The mainspring stores kinetic energy transferred from the winding rotor to compress the coils of the spring, transferring the released energy to the winding of the fears within the watch. While winding the mainspring is necessary for purely mechanical watches, many automatic watches continue to use a crown, the small knob/dial on the side of the watch that allows the user to wind the mainspring. Various other components, such as the escapement, the balance wheel and the dial train, help to regulate the transfer of energy between the mainspring and the gear train that powers the hands of the watch; the dial train is another component that is connected to the balance wheel of the watch and facilitates the movement of the watch hands.
Automatic watches also contain jewels, some synthetic and others natural, that act as bearings within the gears to reduce friction and extend the life of the watch’s rotating components. All of these components play an intricate role in the lasting design of the automatic watch.
Unique features and accessories of an automatic watch
To watch enthusiasts, a watch with a lot of complications is a good thing. Complications is another term for the various features visible on a watch’s face. Automatic watches contain a variety of complications associated with modern timepieces, including date, chronographs or stopwatches, tachymeters for measuring speed, moonphase, alarm and even power reserve to inform users how much power is in the watch. Many watch enthusiasts are equally compelled by the casings used for automatic watches, with chrome and stainless steel being popular choices.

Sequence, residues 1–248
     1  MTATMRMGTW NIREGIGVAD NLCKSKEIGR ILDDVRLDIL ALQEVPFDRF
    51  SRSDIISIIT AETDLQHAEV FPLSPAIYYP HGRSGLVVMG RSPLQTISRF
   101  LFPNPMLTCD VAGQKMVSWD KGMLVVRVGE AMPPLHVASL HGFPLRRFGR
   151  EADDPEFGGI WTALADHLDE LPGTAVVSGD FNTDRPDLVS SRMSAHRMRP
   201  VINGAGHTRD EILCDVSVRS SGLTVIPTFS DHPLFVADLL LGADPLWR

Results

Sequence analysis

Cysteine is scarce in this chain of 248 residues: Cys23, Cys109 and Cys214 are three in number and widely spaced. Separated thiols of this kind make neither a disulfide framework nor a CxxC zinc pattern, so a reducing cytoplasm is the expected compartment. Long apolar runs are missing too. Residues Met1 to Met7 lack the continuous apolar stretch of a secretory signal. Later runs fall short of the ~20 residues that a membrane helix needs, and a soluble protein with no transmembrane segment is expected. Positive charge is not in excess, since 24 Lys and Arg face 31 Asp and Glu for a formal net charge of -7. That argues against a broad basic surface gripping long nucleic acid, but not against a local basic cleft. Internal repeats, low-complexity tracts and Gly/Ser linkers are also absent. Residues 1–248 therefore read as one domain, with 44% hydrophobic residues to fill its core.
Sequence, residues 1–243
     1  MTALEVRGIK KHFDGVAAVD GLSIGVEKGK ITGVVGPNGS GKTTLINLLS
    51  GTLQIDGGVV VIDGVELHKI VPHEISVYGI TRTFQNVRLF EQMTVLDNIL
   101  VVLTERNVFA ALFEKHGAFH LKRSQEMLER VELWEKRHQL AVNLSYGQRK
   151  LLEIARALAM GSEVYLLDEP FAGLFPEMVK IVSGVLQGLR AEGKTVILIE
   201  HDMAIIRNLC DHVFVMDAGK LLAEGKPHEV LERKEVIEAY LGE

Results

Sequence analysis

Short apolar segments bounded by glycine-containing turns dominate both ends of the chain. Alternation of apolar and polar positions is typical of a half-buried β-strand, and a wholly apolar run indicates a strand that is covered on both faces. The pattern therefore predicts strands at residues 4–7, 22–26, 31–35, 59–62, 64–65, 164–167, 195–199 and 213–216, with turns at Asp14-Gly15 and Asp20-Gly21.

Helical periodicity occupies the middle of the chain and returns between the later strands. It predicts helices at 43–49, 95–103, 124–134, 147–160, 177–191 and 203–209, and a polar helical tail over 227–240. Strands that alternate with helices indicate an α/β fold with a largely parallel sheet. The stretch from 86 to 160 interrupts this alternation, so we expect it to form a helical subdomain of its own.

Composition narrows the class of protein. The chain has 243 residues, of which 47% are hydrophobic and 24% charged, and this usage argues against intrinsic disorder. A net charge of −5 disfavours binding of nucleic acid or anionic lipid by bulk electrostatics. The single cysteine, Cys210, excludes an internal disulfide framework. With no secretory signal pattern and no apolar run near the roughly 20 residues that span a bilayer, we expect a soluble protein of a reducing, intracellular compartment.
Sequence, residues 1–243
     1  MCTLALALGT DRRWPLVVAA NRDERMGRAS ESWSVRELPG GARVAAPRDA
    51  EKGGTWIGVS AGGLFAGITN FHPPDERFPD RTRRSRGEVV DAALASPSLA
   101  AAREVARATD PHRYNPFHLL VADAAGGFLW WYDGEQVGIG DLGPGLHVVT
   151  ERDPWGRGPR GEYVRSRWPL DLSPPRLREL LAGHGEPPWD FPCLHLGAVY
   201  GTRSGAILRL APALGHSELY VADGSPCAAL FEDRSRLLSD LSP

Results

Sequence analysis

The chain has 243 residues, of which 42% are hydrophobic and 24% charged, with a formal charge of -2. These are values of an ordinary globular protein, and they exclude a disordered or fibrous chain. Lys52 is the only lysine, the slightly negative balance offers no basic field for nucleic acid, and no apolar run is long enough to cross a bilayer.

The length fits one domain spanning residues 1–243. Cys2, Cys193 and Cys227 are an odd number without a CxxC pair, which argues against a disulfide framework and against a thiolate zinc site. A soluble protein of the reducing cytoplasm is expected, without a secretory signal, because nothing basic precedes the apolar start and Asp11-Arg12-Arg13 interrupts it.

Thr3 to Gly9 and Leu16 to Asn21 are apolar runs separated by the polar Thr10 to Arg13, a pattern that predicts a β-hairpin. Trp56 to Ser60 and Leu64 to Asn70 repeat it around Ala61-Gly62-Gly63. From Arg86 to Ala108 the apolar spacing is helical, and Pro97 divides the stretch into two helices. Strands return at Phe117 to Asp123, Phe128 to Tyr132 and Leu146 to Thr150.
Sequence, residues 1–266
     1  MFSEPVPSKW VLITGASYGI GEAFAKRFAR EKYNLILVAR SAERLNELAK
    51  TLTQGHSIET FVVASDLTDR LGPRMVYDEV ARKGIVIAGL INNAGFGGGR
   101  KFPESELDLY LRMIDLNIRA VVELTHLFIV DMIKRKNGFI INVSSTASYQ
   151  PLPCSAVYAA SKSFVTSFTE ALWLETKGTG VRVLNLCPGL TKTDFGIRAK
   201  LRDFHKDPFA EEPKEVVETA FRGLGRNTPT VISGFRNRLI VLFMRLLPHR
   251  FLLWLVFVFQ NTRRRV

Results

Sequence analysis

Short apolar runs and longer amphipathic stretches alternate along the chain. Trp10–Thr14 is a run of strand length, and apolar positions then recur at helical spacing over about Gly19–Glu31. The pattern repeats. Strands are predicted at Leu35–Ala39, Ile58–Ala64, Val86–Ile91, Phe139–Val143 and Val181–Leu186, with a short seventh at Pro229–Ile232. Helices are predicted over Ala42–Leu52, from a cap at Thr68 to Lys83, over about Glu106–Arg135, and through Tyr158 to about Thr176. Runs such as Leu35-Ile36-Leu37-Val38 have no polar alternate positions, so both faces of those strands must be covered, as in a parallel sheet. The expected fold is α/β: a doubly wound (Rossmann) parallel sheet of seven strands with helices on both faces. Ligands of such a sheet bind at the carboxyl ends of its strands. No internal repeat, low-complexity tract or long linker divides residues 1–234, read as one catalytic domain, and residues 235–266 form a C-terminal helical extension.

For many automatic watch fans, a watch winder is as much a tool necessary for the functioning of the watch as it is an accessory to display your watch when you’re not wearing it. While an automatic watch can most often be reset manually, resetting different features like the calendar feature can be a chore. Watch winders allow the watch to be recharged when not worn using the rotating motion of the watch winder that mimics the motion of the wearer to turn the watch’s rotor. The only caveat when choosing watch winders is to ensure that the watch winder is set so that it winds the watch to the proper amount without taxing the gear structure of the watch.
How long do automatic watches last?
Given the centuries of quality craftsmanship that have gone into the development of the automatic watch and that high-end watchmakers continue to invest in the construction of modern watches, a well-maintained watch under normal use and proper operation can last indefinitely. This is one of the reasons that automatic watches are so highly coveted as investments and heirlooms.